- A valid ID card or passport
Information on customs and security formalities is provided as a guide.
Under no circumstances may Corsair be held responsible if your official documentation is not in order.
To prepare your trip, we suggest you contact the island’s tourist office:
Mayotte Tourist Board, Paris Branch
DASU, 33 rue OPERA 75002 PARIS
01 55 03 03 03 / fax. 0269 61 03 46
Be sure to take the usual health precautions regarding food and water. There are risks of malaria. Your GP will be able to advise you on an oral anti-malarial treatment. No particular vaccinations.
The shops are generally open from 08:00 to 16:00, and on Saturday morning
You can hire cars, motorbikes and scooters locally. However, since some roads are in a bad condition, driving can be difficult. The cities have “taxi-ville” taxis and rural areas have “taxi-brousse” (bush taxis): these are minivans that can pack in up to 15 people, a cheap way to get around.
Mayotte is a relatively safe island, where you can stroll at night without any security concerns. However, be aware that some areas are more dangerous than others at night.
Banks and post offices are open from 07:00 to 16:00 Monday to Friday, and sometimes on Saturday morning.
Mayotte has one of the biggest and most beautiful lagoons in the world, bordered by a long coral reef. Be sure to check out the traces of ancient volcanic activity on the island and the coastline deeply divided into capes, the peninsulas and white sandy islets, the deep bays bordered by mangroves, and various forest reserves (Manjimbini, Songoro Mbili, Mount Benara, Choungi de Sohoa reserve).
The island has fairly exceptional fauna and flora. You can find “maki” lemurs and a great variety of lizards. All year round there are dolphins swimming near the coasts, as well as humpbacked whales, which can be spotted between April and October.
Moreover, you need only put on a simple mask and snorkel to get a look at the turtles, which can often be found not far from the coasts. The island also blooms with a wealth of exotic plants.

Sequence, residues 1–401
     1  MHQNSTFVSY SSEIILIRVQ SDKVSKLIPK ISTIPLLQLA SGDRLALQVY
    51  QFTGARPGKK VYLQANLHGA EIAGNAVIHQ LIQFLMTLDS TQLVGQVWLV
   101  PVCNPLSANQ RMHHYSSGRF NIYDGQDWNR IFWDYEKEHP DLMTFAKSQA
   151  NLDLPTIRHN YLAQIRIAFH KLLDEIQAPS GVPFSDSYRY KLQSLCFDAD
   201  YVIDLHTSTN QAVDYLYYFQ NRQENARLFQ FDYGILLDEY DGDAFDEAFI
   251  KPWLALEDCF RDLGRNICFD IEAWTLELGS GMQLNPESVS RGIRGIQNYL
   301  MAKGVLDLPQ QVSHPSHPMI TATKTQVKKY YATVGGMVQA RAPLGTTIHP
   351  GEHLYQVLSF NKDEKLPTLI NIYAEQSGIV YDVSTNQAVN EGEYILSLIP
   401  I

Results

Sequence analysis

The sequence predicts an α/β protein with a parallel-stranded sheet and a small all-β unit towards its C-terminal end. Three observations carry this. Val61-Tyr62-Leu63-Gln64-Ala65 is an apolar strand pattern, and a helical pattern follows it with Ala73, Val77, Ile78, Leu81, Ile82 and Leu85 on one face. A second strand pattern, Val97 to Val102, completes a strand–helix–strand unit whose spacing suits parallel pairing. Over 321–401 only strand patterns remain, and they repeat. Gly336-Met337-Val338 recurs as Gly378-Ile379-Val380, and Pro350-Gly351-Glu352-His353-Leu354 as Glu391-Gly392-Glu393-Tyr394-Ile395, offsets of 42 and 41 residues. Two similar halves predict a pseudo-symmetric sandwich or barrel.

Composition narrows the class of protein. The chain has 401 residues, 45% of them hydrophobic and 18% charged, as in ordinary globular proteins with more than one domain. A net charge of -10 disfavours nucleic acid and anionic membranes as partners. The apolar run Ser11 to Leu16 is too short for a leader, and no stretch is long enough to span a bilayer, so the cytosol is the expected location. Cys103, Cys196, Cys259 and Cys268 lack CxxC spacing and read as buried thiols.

The local cuisine is fairly basic, with the same staple foods often used again and again in traditional dishes: rice, manioc, bananas or breadfruits.
You can try out some fine barbecued fish near the beaches, as well as rougail, a Reunion dish with a spicy tomato sauce. As far as drinks are concerned, you can sip a delicious baobab juice or trembo, a juice extracted from the palm or coconut tree.
It is preferable to drink bottled water, especially in the bush. In Petite-Terre and Mamoudzou, the water is properly treated, but can still sometimes cause diarrhoea in more sensitive travellers.
Between the last day of Ramadan, the Coconut Tree festival in M'ronabeja (October-November), Murengue (nighttime festival), Wadaja (traditional dance performed by women) and Deba (a traditional singing competition between women from different villages), there will be no lack of opportunity to discover and experience Mayotte culture.
As regards sports and leisure, the Mamoudzou tyre race (14th July) and the Mahoraid (an original sporting event held across the island) will delight enthusiasts.
Finally, the Medina of Moroni, the wonderful mosque and the ancient Bangoua Kouni and Iconi royal palaces are hot spots of Mayotte’s history and culture.
There are two distinct seasons on Mayotte:
- a dry season from May to November, with infrequent rain and pleasant temperatures
- and cool evenings at altitude; and a hot season from November to April.